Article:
Rebecca Long-Bailey has thrown down the gauntlet for other Labour leadership contenders to back a major re-nationalisation programme and commit to public ownership of key utilities.
Seen as a frontrunner to succeed Jeremy Corbyn, the shadow business secretary vowed on Wednesday night to “stand up to the rip-off privatisers” with plans to re-nationalise energy, water, rail and mail.
Her speech in Leeds came after she won the backing of the Fire Brigades Union to give her sufficient support to join Sir Keir Starmer and Lisa Nandy in the final round of the race.
The Salford and Eccles MP’s latest commitment makes her the most closely aligned with the outgoing leader, though she has sought to shake off the “continuity Corbyn” label.
Her opponents, Sir Keir, Ms Nandy and Emily Thornberry, have all indicated they would take more limited approaches to nationalisation.
In a pitch to the party’s left at a rally in Leeds, Ms Long-Bailey said she would “never give up” Labour’s commitment to public ownership.
“I want to be clear that I am fully committed to the pledges in our manifesto last year for public ownership of energy, water, rail and mail,” she said.
“Other candidates say they agree with the transformative programme, but now I’m calling for specific, concrete commitments you can trust.
“Public ownership of key utilities is the foundation for a more fair and equal society, and any candidate for Labour leader should endorse them without hesitation.
“Under my leadership Labour will stand up to the rip off privatisers, and bring wealth and power back into public hands.”
Other candidates’ positions on re-nationalisation
Ms Thornberry and Ms Nandy have both backed re-nationalising rail and mail, but stopped short of returning energy into public ownership.
Sir Keir has so far only committed to bringing back rail into public ownership, but is expected to revisit the issue later in the campaign.
“Keir supports expanding common ownership, whether by outright nationalisation or by other forms such as municipals, community organisations or co-operatives: all of which mean services are run for the public, not for shareholders,” a spokesman said.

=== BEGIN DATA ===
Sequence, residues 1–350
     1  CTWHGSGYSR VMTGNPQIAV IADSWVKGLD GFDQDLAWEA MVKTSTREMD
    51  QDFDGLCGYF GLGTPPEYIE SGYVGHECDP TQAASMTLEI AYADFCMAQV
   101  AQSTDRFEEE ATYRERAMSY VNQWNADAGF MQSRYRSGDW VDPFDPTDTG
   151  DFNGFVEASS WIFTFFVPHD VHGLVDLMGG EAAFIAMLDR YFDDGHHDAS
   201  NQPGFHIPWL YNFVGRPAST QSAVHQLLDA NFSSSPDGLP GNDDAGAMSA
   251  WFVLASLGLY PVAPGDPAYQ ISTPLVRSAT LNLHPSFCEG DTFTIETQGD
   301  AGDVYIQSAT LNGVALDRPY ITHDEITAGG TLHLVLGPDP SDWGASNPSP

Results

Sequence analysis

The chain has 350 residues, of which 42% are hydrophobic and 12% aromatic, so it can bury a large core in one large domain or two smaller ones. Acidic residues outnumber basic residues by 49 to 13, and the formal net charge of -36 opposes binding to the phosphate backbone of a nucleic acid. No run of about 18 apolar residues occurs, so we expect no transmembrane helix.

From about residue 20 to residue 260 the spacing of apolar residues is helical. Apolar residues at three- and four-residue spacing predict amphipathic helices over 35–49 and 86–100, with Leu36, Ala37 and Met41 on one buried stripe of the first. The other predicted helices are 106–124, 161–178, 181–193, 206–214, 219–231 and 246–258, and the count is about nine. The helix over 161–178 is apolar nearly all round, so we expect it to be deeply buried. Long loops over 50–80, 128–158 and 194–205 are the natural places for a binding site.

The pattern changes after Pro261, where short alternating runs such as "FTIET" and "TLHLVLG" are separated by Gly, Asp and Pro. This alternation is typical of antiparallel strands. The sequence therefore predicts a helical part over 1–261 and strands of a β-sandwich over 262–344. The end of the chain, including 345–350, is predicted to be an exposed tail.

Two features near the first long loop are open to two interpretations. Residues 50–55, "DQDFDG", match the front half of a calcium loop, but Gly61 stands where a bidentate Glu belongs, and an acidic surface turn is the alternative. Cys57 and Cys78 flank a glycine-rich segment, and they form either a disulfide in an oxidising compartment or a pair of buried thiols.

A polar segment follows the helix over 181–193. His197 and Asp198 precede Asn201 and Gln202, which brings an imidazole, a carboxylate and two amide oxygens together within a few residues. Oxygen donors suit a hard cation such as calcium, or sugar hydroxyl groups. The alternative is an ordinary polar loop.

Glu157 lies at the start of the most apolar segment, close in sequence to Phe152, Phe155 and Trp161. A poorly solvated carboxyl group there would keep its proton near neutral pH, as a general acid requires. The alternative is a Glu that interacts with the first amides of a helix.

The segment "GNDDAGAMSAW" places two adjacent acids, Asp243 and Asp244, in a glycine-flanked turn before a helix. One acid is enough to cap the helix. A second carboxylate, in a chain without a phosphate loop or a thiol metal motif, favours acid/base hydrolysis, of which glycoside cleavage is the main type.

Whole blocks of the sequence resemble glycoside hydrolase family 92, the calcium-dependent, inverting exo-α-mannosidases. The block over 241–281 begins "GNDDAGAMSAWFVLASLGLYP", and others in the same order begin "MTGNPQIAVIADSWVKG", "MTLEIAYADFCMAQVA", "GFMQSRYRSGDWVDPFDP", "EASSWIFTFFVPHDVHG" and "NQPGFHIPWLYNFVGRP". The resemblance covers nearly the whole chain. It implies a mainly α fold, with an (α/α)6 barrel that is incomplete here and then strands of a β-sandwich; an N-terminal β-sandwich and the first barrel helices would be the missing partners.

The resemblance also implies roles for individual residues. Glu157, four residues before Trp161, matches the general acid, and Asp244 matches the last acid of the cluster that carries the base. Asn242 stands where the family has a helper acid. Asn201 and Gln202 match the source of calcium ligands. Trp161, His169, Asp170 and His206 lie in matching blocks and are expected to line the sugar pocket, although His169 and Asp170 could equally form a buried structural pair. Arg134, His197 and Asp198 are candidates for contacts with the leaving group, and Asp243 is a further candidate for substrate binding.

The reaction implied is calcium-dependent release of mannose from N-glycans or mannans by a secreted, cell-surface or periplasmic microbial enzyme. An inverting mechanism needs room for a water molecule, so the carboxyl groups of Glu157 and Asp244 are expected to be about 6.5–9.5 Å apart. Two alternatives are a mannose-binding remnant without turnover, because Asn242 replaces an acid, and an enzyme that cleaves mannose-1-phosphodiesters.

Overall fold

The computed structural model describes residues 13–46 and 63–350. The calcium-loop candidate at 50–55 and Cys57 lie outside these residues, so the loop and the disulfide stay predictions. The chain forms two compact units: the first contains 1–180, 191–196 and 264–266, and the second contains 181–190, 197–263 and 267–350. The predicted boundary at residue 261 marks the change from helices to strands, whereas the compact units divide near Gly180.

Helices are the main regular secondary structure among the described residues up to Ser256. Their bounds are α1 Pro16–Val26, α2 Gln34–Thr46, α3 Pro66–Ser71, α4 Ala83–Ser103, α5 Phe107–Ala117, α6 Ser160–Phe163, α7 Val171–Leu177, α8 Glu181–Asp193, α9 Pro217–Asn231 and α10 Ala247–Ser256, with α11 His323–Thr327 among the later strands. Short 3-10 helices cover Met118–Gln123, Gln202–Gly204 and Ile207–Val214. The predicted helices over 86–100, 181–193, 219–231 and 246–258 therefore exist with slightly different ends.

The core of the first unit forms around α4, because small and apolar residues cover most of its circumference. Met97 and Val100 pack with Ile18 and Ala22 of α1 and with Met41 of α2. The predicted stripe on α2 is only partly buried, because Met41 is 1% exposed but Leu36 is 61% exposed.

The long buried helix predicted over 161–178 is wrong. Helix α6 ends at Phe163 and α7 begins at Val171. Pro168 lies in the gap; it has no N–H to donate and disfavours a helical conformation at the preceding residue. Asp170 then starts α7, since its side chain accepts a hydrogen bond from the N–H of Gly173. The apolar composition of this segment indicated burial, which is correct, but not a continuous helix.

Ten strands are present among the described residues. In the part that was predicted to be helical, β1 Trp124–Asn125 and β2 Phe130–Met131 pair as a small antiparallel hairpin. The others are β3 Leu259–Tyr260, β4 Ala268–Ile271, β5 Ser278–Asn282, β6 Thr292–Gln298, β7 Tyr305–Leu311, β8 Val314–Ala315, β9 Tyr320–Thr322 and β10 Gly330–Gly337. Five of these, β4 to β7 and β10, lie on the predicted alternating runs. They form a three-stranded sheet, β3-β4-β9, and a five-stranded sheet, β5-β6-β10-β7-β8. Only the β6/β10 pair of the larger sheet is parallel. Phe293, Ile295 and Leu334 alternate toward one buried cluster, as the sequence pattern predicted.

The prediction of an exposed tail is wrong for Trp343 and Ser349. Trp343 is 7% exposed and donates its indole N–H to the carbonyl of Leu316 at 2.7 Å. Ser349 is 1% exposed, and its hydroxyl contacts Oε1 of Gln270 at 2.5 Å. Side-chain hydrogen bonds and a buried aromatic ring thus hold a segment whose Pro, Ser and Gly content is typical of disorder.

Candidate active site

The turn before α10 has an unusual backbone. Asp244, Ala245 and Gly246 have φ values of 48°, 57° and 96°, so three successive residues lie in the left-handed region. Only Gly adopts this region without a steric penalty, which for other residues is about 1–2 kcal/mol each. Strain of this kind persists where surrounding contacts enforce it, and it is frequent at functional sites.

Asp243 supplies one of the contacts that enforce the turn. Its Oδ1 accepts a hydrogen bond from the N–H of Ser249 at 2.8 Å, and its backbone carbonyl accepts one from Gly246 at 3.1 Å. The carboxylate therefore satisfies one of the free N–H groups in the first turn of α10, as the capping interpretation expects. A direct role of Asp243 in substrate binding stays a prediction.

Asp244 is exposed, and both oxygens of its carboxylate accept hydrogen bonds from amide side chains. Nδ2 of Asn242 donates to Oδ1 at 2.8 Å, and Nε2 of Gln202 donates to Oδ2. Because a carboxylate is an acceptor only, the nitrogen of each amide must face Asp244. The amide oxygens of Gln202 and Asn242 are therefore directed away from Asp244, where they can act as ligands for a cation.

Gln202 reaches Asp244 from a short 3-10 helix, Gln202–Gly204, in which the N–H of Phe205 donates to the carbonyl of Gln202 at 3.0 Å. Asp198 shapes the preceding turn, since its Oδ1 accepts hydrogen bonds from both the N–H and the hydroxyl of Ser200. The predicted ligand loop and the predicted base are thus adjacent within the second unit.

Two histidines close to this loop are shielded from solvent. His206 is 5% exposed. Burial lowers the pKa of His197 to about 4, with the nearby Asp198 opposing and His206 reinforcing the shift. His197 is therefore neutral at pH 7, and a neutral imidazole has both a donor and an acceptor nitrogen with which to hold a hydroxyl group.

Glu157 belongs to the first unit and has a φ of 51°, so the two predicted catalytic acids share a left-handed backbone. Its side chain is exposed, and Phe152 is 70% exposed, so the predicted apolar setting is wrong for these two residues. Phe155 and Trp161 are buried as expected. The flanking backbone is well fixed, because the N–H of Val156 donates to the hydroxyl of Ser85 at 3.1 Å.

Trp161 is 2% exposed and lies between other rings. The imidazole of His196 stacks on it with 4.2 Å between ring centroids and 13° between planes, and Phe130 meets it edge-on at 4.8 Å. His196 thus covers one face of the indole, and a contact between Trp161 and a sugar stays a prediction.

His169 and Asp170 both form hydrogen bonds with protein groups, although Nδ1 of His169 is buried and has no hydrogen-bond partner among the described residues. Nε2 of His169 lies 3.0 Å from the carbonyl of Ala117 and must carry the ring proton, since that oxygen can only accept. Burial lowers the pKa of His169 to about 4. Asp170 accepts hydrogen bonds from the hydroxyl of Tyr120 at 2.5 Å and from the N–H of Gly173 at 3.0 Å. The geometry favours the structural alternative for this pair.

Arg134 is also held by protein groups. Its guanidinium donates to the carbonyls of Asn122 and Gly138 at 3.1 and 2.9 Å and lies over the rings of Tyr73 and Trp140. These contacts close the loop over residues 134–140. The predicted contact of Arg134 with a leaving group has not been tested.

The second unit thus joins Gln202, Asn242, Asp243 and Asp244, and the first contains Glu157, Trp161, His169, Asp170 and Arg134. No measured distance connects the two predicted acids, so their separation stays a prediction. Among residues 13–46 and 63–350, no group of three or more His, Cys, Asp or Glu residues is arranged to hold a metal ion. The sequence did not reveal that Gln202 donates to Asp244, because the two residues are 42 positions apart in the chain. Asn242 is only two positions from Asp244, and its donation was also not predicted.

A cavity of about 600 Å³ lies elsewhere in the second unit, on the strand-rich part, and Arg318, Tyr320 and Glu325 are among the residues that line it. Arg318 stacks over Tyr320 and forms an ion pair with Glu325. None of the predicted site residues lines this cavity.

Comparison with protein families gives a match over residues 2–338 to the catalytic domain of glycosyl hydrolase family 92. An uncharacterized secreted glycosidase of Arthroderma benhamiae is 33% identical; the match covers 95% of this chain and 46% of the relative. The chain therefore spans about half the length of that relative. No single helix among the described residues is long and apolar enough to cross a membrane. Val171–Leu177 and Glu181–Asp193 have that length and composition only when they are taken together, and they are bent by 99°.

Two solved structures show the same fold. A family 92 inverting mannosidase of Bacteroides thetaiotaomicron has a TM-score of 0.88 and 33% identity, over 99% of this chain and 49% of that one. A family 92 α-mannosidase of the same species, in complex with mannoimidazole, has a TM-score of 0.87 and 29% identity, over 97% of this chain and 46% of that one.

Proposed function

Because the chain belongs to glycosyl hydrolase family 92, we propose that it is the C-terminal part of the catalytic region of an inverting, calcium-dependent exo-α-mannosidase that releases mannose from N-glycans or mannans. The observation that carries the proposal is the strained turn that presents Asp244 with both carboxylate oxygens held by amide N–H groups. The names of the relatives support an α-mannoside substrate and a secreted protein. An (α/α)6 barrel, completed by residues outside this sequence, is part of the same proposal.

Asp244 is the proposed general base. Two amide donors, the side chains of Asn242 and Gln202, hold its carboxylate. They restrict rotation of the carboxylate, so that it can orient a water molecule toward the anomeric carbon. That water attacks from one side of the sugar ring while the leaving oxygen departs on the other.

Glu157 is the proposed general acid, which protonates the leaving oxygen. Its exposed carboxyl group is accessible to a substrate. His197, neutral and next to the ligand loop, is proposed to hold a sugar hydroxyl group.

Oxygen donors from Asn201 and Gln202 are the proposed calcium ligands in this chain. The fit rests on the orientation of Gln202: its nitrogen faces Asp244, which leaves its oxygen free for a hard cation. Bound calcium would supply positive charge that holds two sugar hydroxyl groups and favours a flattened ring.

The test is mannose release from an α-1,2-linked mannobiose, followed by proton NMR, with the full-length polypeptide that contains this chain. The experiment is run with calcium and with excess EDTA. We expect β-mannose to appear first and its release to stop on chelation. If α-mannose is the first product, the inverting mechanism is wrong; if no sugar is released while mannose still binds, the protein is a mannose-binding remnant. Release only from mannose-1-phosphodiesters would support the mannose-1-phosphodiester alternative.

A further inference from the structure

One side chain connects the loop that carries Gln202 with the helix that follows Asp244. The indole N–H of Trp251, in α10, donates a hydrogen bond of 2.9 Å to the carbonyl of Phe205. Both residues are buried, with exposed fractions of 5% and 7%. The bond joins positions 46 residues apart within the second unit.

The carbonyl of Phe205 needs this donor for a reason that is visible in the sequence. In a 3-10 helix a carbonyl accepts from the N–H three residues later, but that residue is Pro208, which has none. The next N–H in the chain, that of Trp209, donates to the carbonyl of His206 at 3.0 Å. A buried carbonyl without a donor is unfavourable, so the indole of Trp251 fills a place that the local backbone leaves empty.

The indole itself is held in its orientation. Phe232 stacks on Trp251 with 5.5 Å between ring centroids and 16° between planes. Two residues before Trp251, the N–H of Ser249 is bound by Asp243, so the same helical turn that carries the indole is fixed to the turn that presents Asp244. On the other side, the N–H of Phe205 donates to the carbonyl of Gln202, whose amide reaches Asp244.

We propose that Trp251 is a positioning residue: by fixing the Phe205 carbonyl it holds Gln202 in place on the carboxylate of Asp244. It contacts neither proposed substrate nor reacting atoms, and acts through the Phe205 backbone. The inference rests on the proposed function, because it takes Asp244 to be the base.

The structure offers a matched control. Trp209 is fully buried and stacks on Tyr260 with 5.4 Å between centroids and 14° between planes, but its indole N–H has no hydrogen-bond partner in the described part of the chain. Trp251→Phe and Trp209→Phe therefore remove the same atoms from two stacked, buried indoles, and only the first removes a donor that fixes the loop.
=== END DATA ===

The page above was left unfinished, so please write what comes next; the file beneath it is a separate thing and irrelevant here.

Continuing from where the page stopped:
Pleas to end rail franchising as nationalisation of Northern confirmed
Ministers faced calls to scrap the entire rail franchise system after finally confirming that services run by “failed” operator Northern were being brought under public control.
In a strongly-worded statement Transport Secretary Grant Shapps ended weeks of speculation, announcing that Germany-based Arriva was being stripped of the franchise on March 1 – five years early.
The Government-controlled Operator of Last Resort (OLR) will take over the franchise, under the name Northern Trains.
Manuel Cortes, general secretary of the TSSA transport union, welcomed the decision but urged the Government to accept that “franchising of our railways, while stuffing the mouths of shareholders with gold, has completely failed”.
Mick Cash, general secretary of the Rail, Maritime and Transport (RMT) union, predicted the action in relation to Northern will “open the floodgates” towards wholesale public ownership of the railways as other franchises will “fall like dominoes or simply choose to cut and run”.
Mr Shapps recently hauled the bosses of TransPennine Express in for an urgent meeting to discuss the company’s poor performance, while West Midlands mayor Andy Street has pledged to call for West Midlands Trains to be stripped of its franchise unless services improve.
In a written statement to Parliament, Mr Shapps acknowledged that his announcement “will inevitably raise questions about the future of rail privatisation”. He accepted that “change is needed” and claimed the Government-commissioned Rail Review led by former British Airways boss Keith Williams will “ensure customers are at the heart of the system”.
Industry figures show just 55% of Northern trains arrived at stations within one minute of the timetable in the 12 months to January 4, compared with the average across Britain of 65%.
Mr Shapps warned that some of the problems faced by the operator, such as “inadequate” infrastructure, will not be “quick and easy” to put right, but he wants passengers to see “real and tangible improvements” as soon as possible. Mr Shapps insisted that the only differences passengers should notice when the OLR takes over is “services gradually starting to get better”.
The OLR already runs trains on the East Coast Main Line under the LNER brand, following the failure of the Virgin Trains East Coast franchise.
Andy Burnham and Steve Rotheram, mayors of Greater Manchester and the Liverpool City Region respectively, said bringing services under public control was “a victory for passengers” but urged the Government to “commit to investing in much-needed rail infrastructure”.